* Global economic growth will be at historically low levels in 2017
* Credit conditions will remain uneven despite growth stabilizing
* Heightened political uncertainty likely to affect economic and credit outcomes.
Global economic growth will be at historically low levels in 2017, although it will stabilise, according to a recent report by leading credit rating agency Moody’s.
The agency added that stabilising growth and low interest rates will cast a shadow over the global credit outlook.
Moreover, rising political risks, a weak trade recovery and concerns over the efficacy of monetary policy are also spelling a credit conditions doom in the next year.
Global credit scene uneven
“Global credit conditions will remain uneven in 2017, despite a stabilization of growth worldwide,” says Anne Van Praagh, Moody’s Managing Director – Global Strategy and Research.
Moody’s forecasts that G20 global growth will be around 3.0 per cent in 2017 versus an estimated 2.6 per cent in 2016, as advanced economies continue to exhibit steady growth and a number of emerging markets recover from recent slumps.
Rahul Ghosh, Vice President – Senior Credit Officer at Moody’s, says that heightened political uncertainty stemming from a busy election schedule in Europe, the start of the UK’s formal withdrawal from the EU, and likely changes in policy direction in the wake of the US presidential vote are also likely to affect economic and credit outcomes.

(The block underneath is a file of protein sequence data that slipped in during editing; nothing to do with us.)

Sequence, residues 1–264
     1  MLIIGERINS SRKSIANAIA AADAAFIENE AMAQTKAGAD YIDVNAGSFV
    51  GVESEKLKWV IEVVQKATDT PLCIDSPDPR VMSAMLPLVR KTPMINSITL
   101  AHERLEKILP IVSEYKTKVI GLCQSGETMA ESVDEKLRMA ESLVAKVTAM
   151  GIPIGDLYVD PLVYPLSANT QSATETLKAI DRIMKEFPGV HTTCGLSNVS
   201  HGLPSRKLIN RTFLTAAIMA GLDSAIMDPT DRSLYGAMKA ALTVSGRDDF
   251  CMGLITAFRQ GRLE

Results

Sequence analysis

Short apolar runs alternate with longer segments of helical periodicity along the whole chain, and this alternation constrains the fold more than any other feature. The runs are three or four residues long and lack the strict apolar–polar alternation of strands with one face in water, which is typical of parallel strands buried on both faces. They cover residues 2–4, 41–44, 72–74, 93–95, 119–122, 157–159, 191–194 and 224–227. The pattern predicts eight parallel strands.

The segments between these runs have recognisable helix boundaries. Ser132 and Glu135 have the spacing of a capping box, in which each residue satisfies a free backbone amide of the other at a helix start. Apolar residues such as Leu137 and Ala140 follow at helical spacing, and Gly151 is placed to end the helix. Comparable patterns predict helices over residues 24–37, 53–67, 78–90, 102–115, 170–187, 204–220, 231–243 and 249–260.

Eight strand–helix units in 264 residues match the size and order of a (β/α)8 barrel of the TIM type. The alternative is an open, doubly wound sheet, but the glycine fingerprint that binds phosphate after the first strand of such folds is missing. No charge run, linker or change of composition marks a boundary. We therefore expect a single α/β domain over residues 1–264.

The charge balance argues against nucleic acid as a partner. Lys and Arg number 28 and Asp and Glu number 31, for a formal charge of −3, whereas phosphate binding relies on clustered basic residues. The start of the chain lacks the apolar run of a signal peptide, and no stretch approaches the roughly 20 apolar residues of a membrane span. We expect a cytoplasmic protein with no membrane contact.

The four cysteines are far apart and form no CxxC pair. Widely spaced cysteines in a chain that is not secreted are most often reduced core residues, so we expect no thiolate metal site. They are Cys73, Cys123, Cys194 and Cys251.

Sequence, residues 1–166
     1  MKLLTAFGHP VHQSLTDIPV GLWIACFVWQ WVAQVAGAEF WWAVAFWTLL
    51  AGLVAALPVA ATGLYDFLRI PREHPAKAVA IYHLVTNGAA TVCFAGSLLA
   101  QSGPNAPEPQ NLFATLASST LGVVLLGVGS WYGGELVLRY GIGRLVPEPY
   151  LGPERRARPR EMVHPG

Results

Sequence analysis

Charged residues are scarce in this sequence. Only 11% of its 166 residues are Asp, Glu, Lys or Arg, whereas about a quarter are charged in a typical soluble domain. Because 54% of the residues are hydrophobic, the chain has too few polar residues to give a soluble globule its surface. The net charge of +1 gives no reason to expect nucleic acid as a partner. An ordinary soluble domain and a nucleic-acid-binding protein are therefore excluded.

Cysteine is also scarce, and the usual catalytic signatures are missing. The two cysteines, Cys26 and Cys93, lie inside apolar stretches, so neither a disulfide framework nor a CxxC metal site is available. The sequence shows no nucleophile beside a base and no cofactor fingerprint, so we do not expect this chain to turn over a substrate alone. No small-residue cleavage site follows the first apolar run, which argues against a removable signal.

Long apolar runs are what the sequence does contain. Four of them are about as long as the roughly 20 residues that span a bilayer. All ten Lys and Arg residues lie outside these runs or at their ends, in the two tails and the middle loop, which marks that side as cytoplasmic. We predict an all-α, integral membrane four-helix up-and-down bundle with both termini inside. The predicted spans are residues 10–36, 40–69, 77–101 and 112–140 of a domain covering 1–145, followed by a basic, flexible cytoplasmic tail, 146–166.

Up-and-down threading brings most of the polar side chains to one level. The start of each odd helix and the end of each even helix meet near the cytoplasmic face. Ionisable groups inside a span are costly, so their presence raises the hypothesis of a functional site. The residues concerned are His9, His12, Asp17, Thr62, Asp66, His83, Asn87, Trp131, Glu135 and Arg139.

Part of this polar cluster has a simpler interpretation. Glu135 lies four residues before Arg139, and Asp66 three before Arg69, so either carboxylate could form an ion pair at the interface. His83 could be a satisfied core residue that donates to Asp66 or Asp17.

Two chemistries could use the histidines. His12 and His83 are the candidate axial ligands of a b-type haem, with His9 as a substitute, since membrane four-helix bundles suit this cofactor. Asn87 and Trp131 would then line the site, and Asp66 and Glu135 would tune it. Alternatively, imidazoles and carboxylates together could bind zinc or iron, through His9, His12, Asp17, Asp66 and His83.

“Volatility in credit spreads and exchange rates because of political risk may affect the ability of some issuers to borrow or refinance their debt,” says Ghosh.
Although “low for longer” rates will support borrowing and refinancing conditions, their negative side effects are becoming more visible, the report finds.
Borrowing and refinancing
Moody’s expects borrowing and refinancing costs to remain supportive of credit conditions in the coming 12 months, given only gradual interest rate normalisation in the US and the continued ultra-loose monetary policy in most other major advanced economies.
However, low long-term rates are leading to rapid debt build-ups, as well as increases in underfunding of defined benefits pension plans, leading to credit quality deterioration.
Global climate change efforts will also have impacts on credit availability and credit quality in 2017. Decarbonisation initiatives could have material credit implications for a number of high-emitting industrial sectors, as well as sovereigns and regional and local governments.
Consequences of Trump win
But analyst at the agency fear that the outcome of the US presidential elections has added a significant degree of uncertainty in respect to the incoming US administration’s policy towards the Paris Agreement and in ways other countries might react if the US were to seek to withdraw from the agreement.
The President-elect Donald Trump had said during his campaign that he will cancel the historic Paris Agreement, which came into force on November 4. He has already stated that he believes global warming is a hoax.
Trump has also said in the past that he will scrap all environmental commitments and roll back federal climate change and renewable energy policy.